“18-958’s story was so bad that, after I learned everything that I’ll share with you in this book, I approached his defense attorney. I said, “Give me his education documents and I’ll testify for the defense about how the system failed him.” – Andrew Pollack. (Mr. Pollack refers to the killer by his prison number).
After the Uvalde school shooting, Congress rushed to pass legislation without one hearing into what actually happened. So far, the press has reported little beyond the sensationalist initial reports. Perhaps some journalist will do a deep dive into the story.
I was motivated to look into an earlier shooting, the Marjorie Stoneman Douglas High School incident in Parkland, Florida. Andrew Pollack, the father of Meadow Pollack did write such a deep dive, along with the education researcher, Max Eden.
This book gives a detailed account of the shootings, what led to it, and the political fighting that occurred in its wake.
Andrew Pollack: “I wanted to know everything about why the shooting happened, so I launched an investigation. The more I learned, the less I could believe how much incompetence there was.”
“I truly mean that. It didn’t ever make sense how everyone in Broward County could have been so incompetent. But eventually I figured out the explanation: political correctness. ‘You could write a book about the failures that enabled my daughter’s murder. You could write a book about the police and how their politically correct policy to reduce juvenile arrests allowed 18-958 to keep a clean record despite forty-five police visits to his home. You could write a book about the mental health authorities and how they refused to institutionalize him three different times – when he was suicidal, threatening to kill, and obsessed with buying a gun – in the name of “civil liberty.”‘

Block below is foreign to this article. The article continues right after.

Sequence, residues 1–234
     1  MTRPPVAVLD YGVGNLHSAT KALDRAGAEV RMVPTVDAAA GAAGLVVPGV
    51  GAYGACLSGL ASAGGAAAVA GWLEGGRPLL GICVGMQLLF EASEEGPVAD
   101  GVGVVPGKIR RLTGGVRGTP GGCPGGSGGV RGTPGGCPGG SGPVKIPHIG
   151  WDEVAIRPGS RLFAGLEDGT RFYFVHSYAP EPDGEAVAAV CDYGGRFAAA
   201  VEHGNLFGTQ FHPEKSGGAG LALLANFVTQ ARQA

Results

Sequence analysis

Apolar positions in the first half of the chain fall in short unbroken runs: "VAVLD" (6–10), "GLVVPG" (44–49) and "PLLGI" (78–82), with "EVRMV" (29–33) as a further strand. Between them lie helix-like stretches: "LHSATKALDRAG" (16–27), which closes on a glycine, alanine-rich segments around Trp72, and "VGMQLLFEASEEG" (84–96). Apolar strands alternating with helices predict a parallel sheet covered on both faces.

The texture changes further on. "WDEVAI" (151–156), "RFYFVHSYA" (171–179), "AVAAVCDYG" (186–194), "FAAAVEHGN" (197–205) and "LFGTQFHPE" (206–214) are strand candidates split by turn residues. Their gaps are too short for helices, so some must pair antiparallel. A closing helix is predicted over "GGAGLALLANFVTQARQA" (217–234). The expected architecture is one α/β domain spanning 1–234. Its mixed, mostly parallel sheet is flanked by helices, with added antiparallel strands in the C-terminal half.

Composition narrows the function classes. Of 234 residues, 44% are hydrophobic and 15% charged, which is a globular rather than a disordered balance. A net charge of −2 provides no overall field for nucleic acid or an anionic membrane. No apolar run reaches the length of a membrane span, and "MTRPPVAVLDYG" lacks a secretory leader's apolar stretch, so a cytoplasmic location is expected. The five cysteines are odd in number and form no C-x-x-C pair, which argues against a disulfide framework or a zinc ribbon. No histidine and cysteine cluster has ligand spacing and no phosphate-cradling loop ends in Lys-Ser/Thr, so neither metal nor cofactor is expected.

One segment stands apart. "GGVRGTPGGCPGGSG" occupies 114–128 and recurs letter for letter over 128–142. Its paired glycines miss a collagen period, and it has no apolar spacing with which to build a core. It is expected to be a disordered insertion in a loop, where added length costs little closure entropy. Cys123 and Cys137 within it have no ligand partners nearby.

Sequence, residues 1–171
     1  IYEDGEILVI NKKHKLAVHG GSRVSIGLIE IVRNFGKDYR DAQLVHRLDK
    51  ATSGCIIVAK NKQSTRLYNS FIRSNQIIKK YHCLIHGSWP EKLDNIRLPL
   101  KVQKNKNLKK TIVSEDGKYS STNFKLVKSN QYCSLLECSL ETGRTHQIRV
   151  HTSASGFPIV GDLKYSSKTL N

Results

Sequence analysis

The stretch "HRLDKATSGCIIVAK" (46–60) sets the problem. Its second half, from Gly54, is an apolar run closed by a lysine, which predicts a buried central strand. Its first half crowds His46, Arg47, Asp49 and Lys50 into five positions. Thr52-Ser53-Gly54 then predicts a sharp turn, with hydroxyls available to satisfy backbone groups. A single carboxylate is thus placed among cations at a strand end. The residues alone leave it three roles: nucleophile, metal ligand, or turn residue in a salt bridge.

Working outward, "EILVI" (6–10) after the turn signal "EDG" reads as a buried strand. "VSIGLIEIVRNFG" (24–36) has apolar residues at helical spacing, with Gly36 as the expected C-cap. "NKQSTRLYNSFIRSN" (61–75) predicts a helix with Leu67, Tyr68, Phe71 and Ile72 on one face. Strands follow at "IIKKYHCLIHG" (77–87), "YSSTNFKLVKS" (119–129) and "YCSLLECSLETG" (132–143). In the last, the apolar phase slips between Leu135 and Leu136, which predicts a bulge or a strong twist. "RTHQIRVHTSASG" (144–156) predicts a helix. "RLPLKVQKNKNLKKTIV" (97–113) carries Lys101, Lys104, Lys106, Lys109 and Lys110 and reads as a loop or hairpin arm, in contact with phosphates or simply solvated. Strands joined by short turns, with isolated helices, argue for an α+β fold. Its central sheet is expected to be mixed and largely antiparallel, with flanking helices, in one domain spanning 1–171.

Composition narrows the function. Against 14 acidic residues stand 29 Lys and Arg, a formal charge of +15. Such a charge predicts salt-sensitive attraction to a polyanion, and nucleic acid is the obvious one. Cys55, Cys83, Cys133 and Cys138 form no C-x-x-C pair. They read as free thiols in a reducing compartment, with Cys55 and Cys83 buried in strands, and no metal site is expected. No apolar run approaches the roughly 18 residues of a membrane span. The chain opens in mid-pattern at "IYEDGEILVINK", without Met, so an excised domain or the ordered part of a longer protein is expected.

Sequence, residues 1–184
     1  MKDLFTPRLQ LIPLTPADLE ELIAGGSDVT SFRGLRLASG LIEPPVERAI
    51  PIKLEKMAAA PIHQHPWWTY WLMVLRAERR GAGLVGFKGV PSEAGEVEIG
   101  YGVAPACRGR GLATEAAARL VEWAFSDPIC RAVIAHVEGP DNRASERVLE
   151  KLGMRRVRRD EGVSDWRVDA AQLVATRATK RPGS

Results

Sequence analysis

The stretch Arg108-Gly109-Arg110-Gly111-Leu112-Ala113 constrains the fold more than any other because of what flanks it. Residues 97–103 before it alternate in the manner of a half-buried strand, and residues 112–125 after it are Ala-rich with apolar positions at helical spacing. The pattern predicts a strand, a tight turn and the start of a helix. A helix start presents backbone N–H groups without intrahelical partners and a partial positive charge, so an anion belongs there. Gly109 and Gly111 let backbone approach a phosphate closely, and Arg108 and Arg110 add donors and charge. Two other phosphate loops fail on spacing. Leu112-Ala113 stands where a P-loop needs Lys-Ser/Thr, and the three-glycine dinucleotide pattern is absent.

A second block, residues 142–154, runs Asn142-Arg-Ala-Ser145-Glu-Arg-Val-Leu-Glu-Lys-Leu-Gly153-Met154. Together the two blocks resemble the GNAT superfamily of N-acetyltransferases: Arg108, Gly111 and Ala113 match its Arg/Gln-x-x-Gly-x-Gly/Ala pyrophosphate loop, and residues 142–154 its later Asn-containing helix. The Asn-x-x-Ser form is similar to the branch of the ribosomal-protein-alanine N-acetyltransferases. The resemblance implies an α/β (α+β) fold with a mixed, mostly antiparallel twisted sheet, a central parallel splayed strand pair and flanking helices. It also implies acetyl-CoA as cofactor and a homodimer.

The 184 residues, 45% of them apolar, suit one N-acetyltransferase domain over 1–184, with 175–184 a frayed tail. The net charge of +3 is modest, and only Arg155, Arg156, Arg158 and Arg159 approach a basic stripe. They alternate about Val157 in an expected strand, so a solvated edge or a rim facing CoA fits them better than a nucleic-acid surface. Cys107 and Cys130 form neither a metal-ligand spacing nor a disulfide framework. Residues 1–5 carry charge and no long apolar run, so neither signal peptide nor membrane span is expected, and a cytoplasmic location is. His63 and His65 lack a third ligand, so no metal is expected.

Talking about school policies, he writes:
“One policy is known as discipline reform or ‘restorative justice.’ Activists and bureaucrats saw that minority students were being disciplined at higher rates than white students, and rather than recognize that misbehavior might reflect bigger problems and inequities outside of school, they blamed teachers for the disparity. They essentially accused teachers of racism and sought to prevent teachers from enforcing consequences of bad behavior. They thought if students didn’t get disciplined in school, if instead teachers did ‘healing circles’ or something with them, then students wouldn’t get in trouble in the real world. Superintendents then started pressuring principals to lower the number of suspensions, expulsions, and school based arrests. All that actually happened was that everyone looked the otters way or swept disturbing behavior under the rug, making our schools more dangerous.
On p6, teacher Kimberly Krawczyk says, “The PROMISE program was the cornerstone of Broward’s new disciplinary leniency policies. Runce sought to fight the so-called ‘schoolhouse to jailhouse’ pipeline by lowering suspensions, expulsions, and arrests.”
p11 “MSD students were telling the media frightening stories about the shooter. He threatened to kill them, he brought knives and bullets to school; he brought dead animals to school and bragged about mutilating them. No one was surprised he had done it. Everyone knew he could. So, why was he never stopped or helped?”
I think I’ve quoted as much as I should. I encourage everyone with school-age children to read the book. It’s available cheaply on Amazon, even more cheaply as a Kindle download.
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